While the name Disney is usually associated with innocence, the play “The Pitchfork Disney” does not back down in confronting the most complex and disturbing issues of the human condition.
“The Pitchfork Disney,” English playwright Philip Ridley’s 1991 debut work, is a play comprised of one uninterrupted conversation between two adults, Presley Stray, who is obsessed with childhood, and Cosmo Disney, who claims to have never experienced childhood before. When Cosmo invades the secluded fantasy world of Presley and his twin Haley Stray, both of whom live off of only chocolate, he manipulates the brother and later assaults the sister. The misleading innocence of youth does not undercut the play’s confrontation of disturbing topics, such as drug overdose as well as physical and emotional abuse.
“I think this script is very meaningful and certainly makes people think deeply about problems in society,” said Karina Xie ’19, stage manager for the show. “I wanted to put this show up to engage more with the fascinating themes of the play and call attention to some of the very problems in society this play reveals.”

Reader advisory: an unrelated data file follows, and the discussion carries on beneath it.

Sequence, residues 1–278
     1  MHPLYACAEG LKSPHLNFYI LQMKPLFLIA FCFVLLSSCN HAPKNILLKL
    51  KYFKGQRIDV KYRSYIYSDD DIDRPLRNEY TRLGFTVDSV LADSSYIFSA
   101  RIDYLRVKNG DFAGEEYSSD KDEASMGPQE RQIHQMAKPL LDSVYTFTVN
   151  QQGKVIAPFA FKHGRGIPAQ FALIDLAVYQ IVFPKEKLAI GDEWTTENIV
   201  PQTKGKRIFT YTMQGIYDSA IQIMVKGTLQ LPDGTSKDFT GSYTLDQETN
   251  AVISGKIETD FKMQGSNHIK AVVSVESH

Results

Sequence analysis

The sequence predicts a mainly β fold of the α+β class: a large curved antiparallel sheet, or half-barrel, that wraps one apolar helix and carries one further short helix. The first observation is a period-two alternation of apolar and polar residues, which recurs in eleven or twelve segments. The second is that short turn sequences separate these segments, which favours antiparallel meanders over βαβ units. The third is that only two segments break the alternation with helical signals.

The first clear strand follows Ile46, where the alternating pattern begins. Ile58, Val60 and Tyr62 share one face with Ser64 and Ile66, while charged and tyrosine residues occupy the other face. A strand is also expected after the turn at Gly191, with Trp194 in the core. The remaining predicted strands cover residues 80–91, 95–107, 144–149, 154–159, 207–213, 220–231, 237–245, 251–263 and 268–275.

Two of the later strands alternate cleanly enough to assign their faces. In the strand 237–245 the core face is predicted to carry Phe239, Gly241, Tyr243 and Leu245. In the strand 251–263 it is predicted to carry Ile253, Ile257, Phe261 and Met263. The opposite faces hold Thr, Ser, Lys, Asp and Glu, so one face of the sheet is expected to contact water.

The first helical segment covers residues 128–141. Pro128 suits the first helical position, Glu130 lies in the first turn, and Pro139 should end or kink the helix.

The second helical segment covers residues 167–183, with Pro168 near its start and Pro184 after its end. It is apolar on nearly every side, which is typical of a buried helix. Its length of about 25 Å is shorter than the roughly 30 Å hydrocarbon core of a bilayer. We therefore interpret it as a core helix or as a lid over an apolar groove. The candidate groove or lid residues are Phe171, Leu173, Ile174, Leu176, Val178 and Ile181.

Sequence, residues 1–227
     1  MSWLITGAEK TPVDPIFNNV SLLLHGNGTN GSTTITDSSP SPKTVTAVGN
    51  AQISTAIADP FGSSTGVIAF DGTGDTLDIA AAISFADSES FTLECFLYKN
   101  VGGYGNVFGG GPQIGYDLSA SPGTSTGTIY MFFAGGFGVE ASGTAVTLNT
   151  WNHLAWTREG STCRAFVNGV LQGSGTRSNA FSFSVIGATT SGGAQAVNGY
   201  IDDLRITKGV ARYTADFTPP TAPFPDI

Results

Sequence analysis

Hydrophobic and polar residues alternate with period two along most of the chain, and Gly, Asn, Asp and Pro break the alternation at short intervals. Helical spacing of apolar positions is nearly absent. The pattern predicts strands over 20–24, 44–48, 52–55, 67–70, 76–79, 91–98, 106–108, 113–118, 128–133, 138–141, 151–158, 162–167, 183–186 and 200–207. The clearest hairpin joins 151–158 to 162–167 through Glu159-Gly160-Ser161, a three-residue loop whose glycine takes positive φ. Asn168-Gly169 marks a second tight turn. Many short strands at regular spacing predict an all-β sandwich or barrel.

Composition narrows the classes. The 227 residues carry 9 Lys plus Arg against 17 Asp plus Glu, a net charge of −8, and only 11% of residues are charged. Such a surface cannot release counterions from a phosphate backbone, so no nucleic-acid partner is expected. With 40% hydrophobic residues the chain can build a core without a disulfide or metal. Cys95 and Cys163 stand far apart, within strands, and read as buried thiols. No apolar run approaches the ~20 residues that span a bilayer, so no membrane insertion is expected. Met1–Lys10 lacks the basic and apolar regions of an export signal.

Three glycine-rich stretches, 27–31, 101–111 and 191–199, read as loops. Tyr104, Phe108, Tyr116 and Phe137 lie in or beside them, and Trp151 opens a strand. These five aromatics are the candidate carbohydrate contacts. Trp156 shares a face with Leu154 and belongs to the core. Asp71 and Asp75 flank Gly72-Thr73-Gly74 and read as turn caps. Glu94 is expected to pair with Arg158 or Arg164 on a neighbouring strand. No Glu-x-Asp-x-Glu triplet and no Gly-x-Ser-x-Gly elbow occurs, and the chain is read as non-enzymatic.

She said that the play, directed by Noah Konkus ’18, is centered on the themes of storytelling, toxic masculinity and fear. Both Haley and Presley are agoraphobic, unwilling to and fearful of interacting with strangers, using their own childhood fantasy to keep reality outside of their lives.
Xie added that the technical aspects of the play — the lights and sound — all served to enhance the actors’ performance. She said that the show’s lighting designer Sunny Miao ’20 used LED lights to create a strobe light effect.
Co-producers Gillian Fu ’20 and Vignesh Namasivayam ’20 said in an email to the News that the play contains content related to disturbing topics including incest, homophobia and murder. They noted that Ridley’s text confronts and challenges the cultural norms that have promoted the existence of these problems.
“As the play progresses, Cosmo prods and manipulates Presley, revealing the darker layers underneath his flawless outer shell,” Fu and Namasivayam said in an email to the News. “Meanwhile, Presley’s curiosity about his new friend brings him closer and closer toward confronting the source of everything he is afraid of.”
The play premiered last Thursday at 8 p.m. in the Hopper Cabaret and was performed four more times last week — once on Thursday and Friday and twice more on Saturday.